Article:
Last month, a package of Boeing B-52 aircraft belonging to the 2nd Bomb Wing at Barksdale AFB in Louisiana deployed to Qatar to support bombing raids on the Islamic State terrorist network in Iraq and Syria. These B-52s replaced the Boeing B-1B “Bone” aircraft that left the region in January on a “six-month hiatus” back home for repair and refurbishment.
The last time these 54-year-old “Stratofortress” aircraft were operationally based in the Middle East, then-Iraq ruler Saddam Hussein had invaded Kuwait and the B-52s were deployed to Saudi Arabia to support the US-led counteroffensive known as Operation Desert Storm.
These Strangelovian aircraft might have been conceived as heavy hitting Cold War nuclear bombers, but today they double as nuclear cruise missile carriers and conventional precision attack platforms capable of raining down satellite-aided smart bombs on pre-planned and opportune targets, even in close proximity to friendly forces.
US Air Force
It is the B-52’s inherent flexibility as well as its “payload, range, mass, precision and persistence” that has the deputy head of US Strategic Command saying America has a “deficit of long-range strike capability” and could use more bombers. The same can be said of the non-nuclear B-1 and the stealthy Northrop Grumman B-2, although there are just two “Spirit” squadrons with 20 usable aircraft between them.
“When you look at what bombers bring in terms of range, persistence and payload, we have a deficit of long-range strike capability,” says Lt Gen Stephen Wilson, a former B-1 and B-52 pilot who previously served as head of Air Force Global Strike Command. “What that number is going forward I can’t tell you, but I would say we’re not where we need to be on that long-range strike.
“As adversaries continue to build advanced anti-access, area-denial capabilities that force our forces farther out, bombers will become more important.”
US Air Force
Wilson was speaking at an Air Force Association forum in Washington DC on 6 May, in relation to Global Strike Command’s preparation of a "bomber roadmap” that is expected to recommend a larger bomber force than the current active mix of 150 or so B-1s, B-2s and B-52s.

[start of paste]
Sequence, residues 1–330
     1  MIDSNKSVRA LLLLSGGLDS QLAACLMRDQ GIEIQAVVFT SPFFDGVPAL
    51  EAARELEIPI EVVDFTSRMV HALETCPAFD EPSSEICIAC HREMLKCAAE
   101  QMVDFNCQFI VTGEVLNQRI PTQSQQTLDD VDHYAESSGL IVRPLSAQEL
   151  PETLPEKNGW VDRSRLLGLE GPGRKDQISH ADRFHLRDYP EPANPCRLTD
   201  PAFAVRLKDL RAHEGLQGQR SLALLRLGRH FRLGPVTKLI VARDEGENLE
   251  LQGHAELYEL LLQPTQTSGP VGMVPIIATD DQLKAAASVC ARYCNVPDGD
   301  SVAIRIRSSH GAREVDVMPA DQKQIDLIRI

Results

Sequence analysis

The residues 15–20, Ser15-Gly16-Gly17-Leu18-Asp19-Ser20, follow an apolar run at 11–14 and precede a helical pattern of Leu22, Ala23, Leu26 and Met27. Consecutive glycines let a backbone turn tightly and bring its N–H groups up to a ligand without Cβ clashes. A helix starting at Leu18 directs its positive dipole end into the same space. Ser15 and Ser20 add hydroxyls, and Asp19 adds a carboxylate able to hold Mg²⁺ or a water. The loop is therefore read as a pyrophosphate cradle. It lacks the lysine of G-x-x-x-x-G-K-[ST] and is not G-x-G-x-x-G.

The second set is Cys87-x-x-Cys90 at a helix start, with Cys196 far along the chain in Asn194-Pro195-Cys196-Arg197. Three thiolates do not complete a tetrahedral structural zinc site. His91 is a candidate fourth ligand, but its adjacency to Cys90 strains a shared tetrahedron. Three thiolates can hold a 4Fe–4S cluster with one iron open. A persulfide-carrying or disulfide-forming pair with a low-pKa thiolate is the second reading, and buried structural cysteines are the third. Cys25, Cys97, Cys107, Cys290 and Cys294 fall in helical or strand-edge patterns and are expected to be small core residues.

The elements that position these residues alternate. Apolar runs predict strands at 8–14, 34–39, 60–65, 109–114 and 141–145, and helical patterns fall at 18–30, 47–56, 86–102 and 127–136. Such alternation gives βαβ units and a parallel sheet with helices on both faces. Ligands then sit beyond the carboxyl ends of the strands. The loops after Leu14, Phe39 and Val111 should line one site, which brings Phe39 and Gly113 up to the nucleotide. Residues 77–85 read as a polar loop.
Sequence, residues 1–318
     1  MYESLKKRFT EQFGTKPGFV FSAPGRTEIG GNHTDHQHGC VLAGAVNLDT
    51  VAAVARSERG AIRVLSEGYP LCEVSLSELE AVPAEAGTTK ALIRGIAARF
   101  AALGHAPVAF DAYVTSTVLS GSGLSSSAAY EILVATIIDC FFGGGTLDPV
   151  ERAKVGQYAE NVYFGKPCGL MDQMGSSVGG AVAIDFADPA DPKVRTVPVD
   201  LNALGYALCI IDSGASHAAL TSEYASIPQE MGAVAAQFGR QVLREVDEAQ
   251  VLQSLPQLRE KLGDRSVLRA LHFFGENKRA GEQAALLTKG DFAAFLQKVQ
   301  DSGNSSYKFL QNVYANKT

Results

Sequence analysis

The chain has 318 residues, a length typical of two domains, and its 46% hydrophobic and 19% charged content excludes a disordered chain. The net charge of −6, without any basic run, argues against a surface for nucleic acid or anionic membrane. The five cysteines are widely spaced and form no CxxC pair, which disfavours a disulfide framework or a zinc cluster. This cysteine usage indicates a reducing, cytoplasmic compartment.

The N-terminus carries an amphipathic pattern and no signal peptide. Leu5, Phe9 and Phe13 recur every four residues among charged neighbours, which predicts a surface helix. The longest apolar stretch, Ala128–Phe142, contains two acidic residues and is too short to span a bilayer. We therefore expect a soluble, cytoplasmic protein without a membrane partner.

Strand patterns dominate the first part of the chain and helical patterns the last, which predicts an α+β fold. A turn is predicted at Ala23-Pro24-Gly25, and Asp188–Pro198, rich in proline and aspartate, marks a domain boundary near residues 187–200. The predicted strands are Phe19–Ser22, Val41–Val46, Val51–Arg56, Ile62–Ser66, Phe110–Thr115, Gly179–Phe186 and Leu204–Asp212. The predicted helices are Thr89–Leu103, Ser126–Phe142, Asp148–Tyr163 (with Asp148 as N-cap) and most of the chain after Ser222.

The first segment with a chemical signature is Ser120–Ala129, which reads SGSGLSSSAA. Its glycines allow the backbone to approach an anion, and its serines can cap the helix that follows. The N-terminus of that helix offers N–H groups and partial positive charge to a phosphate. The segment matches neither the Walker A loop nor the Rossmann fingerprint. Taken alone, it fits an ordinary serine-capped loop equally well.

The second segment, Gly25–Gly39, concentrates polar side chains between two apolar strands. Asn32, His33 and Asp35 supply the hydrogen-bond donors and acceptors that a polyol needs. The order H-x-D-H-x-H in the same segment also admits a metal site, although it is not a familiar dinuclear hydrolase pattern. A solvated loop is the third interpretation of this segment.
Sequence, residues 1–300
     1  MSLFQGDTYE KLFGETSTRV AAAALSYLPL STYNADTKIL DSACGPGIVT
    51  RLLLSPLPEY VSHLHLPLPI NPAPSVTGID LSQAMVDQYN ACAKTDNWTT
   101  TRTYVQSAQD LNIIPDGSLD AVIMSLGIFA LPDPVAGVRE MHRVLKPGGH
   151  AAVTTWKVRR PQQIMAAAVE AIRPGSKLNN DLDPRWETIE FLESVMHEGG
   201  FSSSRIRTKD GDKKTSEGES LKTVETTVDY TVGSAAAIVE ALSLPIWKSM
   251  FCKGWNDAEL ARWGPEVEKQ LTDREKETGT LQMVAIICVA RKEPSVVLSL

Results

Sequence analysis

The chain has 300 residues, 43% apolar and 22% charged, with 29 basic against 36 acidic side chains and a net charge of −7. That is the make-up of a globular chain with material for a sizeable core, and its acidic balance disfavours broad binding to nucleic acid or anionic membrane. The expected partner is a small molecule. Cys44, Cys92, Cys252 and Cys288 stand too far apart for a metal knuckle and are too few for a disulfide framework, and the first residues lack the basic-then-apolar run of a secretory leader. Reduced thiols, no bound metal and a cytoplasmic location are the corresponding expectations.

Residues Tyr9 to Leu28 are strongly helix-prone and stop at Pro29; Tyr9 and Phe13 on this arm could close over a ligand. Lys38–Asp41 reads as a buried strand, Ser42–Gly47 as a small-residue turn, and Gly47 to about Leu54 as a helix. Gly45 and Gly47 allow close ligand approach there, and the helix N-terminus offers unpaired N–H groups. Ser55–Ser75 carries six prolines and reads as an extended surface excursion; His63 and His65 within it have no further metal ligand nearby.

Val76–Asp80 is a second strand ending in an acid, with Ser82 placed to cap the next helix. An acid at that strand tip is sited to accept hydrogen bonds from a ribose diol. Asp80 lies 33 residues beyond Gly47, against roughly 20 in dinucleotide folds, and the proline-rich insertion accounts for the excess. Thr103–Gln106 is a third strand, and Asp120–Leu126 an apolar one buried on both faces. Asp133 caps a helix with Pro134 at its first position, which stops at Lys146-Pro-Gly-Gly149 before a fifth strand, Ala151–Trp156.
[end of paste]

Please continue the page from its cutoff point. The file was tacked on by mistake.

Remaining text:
The air force recently picked Northrop Grumman to develop and build “at least” 100 nuclear-capable “21st century” B-21 strategic bombers to replace the B-1 and B-52. But for how long those legacy aircraft will remain in active service depends on the total number of bombers needed and how fast the replacement B-21 platform can be delivered from Northrop’s former B-2 plant in Palmdale, California.
Global Strike Command chief Gen Robin Rand said in February that the ultimate number is likely somewhere between “175 and 200”, since there must be at least 10 operational squadrons of 12 aircraft to support America’s 10 Air Expeditionary Forces, plus a significant number more for training and attrition reserve.
Northrop Grumman B-21 planform
US Air Force
The US House Armed Services Committee is taking an interest in this question. The committee adopted legislation last week calling for a detailed report on the air branch’s bomber requirement, including the actual number of B-21s sought and a “transition plan that integrates the B-21 into the current bomber fleet through 2040”.
“The committee received independent testimony stating that the air force should procure between 174 and 205 B-21 bombers to ensure that enough aircraft are available to meet combatant commander, training, test, backup inventory, and attrition reserve requirements,” the panel’s mark of the fiscal year 2017 defence policy bill states.
Wilson described the B-1B as a “roving linebacker” for its ability to move throughout the US Central Command area of responsibility quickly and with many weapons. They “hit hard when they get there and stay on station for a long time,” he adds.
The introduction of precision-guided munitions, enabled by digital bomb bay upgrades, has kept the B-52 relevant since the type's maiden flight on 5 Aug 1954. It can now perform “a variety of missions including strategic attack, close-air support, air interdiction and maritime operations”, the air force says.
Each B-52 can carry 31.5t (70,000lb) of munitions
US Air Force
The B-52 is now being integrated with high-end conventional weapons like the Lockheed Martin extended-range AGM-158 joint air-to-surface standoff missile (JASSM-ER) and Raytheon ADM-160 miniature air-launched decoy/jammer (MALD-J). The air force is even exploring ways to use bombers as “arsenal planes” that would overwhelm enemy air defence systems with tens of thousands of cheap, mostly autonomous unmanned air vehicles acting as jammers, sensors, decoys and “kamikaze” bombs.
“In the counter-[Islamic State] fight they are doing a pretty terrific job,” Wilson says of the B-52. “What they bring is payload, endurance and a capacity that we often don’t have.”
There are 62 Boeing B-1Bs and two test models still in active service
US Air Force